AN VULNERABILITY has been discovered in Apple's iOS 7 mobile operating system that allows anyone to disable Find My iPhone without authorisation.
Bradley Williams has shown off the bug on Youtube in a video clip, in which he was successfully able to switch off Apple's Find My iPhone app without having to enter a password.
Williams said, "MAJOR Security flaw in Find My iPhone iCloud Lock BYPASS. Activation Lock Bypass. This video is to show a security flaw in Apple's find my iphone feature so Apple can fix this. I tried to contact Apple and nobody has responded."
The bypass, which reportedly can be easily replicated on any iPhone running iOS 7.0.4 or higher, is rather simple to carry out, too.
As demonstrated in the video below, you simply need to navigate to iCloud settings, select your account, change the password to an incorrect one and press Done, Tap OK followed by Cancel, reselect your account and empty the description field and then tap Done. After you perform these steps Find My iPhone will be disabled without the need to enter a password - the correct one, that is.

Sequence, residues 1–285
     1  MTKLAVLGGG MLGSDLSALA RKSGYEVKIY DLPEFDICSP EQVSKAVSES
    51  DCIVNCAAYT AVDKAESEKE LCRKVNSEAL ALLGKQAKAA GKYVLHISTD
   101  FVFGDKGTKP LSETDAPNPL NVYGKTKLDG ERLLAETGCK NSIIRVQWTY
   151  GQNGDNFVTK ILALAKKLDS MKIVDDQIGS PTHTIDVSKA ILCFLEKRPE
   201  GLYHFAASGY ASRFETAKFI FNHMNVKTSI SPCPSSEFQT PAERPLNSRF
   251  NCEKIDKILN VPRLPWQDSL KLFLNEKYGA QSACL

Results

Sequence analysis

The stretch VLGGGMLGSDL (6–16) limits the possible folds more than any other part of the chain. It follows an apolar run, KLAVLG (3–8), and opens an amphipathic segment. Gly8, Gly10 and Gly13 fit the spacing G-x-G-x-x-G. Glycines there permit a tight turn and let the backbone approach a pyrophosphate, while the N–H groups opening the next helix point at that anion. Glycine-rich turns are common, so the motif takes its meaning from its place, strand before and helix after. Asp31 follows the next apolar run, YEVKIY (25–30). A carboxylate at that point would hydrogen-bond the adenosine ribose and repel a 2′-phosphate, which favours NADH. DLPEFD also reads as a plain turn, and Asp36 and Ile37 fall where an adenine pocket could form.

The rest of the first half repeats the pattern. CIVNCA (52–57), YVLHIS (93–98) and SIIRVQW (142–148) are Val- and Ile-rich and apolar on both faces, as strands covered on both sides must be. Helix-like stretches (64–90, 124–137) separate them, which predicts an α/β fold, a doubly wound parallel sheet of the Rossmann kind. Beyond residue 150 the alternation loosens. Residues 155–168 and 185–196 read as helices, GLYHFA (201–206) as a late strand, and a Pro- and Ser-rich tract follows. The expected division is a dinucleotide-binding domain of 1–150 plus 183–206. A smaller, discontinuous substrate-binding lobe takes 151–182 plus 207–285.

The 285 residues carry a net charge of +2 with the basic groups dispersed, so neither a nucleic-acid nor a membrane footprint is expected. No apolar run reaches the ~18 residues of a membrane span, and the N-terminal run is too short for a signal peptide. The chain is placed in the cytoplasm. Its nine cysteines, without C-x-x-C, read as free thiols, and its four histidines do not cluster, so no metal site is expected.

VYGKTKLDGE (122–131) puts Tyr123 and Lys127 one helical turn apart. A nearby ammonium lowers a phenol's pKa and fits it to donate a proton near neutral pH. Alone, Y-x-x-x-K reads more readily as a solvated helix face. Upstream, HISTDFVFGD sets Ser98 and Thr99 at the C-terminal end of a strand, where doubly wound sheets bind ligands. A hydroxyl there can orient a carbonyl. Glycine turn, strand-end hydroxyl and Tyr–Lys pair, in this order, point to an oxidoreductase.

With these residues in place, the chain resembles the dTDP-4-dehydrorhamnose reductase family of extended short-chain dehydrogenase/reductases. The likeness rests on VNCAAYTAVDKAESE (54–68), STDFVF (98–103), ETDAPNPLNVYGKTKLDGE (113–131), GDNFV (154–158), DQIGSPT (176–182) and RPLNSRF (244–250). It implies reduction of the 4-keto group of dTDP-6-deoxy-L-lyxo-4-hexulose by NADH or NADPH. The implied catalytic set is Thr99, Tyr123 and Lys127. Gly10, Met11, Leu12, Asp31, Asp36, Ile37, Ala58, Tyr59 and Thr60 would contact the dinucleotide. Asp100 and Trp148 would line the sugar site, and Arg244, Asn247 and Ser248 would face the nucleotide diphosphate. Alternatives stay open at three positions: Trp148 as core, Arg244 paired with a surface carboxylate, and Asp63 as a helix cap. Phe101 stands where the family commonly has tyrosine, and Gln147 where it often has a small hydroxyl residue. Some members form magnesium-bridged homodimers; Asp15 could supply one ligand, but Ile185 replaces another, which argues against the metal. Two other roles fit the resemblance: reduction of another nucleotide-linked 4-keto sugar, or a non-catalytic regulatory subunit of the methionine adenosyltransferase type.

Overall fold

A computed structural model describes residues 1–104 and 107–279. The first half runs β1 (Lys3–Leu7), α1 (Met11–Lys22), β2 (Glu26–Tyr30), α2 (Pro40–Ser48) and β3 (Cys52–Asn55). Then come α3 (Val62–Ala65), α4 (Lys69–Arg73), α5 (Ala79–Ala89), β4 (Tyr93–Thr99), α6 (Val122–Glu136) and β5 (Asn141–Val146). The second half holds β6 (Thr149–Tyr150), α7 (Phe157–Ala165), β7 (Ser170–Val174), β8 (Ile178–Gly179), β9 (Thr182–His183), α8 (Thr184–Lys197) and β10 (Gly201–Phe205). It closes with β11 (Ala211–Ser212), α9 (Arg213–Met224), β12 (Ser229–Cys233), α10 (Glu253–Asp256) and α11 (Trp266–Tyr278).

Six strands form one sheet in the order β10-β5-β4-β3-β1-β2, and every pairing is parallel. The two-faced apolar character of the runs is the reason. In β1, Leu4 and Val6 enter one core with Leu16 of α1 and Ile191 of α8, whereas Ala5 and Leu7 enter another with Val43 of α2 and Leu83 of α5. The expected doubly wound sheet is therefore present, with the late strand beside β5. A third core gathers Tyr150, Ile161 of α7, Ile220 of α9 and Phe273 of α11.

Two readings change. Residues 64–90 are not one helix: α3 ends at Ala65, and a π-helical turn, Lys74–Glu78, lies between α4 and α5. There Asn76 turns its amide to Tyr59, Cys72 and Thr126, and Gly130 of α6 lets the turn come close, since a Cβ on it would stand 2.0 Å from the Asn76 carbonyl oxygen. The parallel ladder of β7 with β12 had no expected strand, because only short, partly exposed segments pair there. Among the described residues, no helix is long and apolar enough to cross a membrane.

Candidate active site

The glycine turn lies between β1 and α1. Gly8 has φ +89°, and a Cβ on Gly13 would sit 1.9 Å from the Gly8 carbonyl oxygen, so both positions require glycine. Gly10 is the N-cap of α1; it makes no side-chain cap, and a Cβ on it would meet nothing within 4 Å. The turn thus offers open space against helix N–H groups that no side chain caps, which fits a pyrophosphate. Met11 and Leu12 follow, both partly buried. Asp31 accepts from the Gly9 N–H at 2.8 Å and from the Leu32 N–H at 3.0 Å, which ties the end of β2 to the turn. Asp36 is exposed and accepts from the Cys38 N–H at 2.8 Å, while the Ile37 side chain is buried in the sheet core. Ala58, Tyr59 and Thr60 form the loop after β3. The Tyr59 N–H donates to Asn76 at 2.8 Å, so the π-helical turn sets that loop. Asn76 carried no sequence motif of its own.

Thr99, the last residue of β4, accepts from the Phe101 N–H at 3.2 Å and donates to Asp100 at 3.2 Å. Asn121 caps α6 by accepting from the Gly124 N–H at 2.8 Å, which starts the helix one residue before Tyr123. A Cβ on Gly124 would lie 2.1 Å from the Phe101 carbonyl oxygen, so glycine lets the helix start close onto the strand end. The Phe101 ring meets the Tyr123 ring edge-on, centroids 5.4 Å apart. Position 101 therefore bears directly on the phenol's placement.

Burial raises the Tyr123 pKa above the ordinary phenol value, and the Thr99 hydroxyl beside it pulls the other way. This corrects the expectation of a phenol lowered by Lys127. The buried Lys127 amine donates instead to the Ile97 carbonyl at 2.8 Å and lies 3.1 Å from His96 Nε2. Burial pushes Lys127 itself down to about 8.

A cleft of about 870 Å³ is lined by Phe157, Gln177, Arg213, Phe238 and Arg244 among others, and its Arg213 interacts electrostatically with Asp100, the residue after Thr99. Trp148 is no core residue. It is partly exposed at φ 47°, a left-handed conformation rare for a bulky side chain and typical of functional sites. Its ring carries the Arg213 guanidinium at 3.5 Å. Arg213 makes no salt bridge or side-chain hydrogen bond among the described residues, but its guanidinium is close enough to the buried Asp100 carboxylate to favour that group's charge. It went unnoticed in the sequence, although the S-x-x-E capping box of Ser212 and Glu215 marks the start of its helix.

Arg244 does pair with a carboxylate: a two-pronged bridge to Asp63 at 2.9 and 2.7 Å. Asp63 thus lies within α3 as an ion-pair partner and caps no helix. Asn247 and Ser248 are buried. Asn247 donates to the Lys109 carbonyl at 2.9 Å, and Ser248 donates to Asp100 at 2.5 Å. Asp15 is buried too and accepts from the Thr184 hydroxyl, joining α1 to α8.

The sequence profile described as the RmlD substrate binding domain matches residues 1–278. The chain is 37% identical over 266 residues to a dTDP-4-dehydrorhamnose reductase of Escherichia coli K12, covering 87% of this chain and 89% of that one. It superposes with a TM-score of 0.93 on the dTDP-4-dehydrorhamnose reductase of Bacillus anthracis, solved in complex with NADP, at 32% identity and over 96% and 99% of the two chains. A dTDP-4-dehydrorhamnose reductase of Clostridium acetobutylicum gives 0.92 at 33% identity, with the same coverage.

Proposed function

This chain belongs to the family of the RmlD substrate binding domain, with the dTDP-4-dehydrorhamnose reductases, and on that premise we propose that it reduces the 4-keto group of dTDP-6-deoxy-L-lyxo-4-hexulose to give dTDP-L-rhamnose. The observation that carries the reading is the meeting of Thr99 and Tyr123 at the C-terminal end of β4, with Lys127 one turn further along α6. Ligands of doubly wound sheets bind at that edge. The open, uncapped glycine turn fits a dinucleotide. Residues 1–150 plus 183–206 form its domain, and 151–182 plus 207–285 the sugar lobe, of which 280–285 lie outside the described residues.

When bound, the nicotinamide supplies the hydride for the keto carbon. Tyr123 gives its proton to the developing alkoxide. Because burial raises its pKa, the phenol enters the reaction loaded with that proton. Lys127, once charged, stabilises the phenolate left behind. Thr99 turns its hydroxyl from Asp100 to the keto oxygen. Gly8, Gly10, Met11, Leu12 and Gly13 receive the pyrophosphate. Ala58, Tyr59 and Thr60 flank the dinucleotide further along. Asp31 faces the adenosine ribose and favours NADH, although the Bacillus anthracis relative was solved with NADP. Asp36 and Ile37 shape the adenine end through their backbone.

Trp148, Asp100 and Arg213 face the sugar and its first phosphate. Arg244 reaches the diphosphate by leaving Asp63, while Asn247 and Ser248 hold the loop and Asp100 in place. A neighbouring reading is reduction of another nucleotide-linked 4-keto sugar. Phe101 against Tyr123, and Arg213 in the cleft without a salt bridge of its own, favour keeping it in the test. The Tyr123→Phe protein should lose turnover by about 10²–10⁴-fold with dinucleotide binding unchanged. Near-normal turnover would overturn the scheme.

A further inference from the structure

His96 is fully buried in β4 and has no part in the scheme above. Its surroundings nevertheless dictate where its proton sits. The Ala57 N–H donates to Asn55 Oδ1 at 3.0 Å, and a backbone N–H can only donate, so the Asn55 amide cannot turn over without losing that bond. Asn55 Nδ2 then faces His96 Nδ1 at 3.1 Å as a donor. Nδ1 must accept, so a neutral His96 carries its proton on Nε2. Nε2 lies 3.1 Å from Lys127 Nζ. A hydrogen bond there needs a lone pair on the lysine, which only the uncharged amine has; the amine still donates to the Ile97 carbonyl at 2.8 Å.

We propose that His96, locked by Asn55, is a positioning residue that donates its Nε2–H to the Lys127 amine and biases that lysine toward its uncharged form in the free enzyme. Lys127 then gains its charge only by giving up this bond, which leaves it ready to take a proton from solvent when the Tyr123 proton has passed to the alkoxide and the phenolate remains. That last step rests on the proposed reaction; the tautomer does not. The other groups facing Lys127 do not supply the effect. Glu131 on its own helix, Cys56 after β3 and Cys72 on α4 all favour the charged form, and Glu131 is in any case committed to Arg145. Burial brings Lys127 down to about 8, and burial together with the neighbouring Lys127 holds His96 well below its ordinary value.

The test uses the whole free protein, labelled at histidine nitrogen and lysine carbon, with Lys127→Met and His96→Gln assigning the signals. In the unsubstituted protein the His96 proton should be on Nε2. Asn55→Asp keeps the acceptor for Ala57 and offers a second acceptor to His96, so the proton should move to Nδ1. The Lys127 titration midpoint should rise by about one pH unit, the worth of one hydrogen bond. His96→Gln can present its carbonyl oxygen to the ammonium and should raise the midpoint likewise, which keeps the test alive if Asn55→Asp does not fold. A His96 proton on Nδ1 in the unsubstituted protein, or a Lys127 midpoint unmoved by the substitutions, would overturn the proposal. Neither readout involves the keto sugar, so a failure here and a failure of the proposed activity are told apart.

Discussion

The bypass only works on iPhones that do not have Touch ID or a passcode switched on. This means that it is likely to affect only handsets that have been left unlocked in public, as once the feature has been disabled users will no longer be able to locate their likely stolen iPhones.
This is the latest of a number of flaws that have been found in Apple's iOS 7 mobile operating system. Perhaps the most notable discovery was that iOS 7 allowed anybody to bypass the iPhone's passcode simply by going through the Control Center, a glitch that Apple promply fixed.
Apple has yet to respond to our request for comment, but the issue likely will be fixed in Apple's upcoming iOS 7.1 update. µ
Pre-orders to begin on 9 September with release to follow on 16 September
Bunch of absolute DDoSers
You really, really, really can't say you weren't warned, like, a billion times
Where is your browser ballot now, citizen?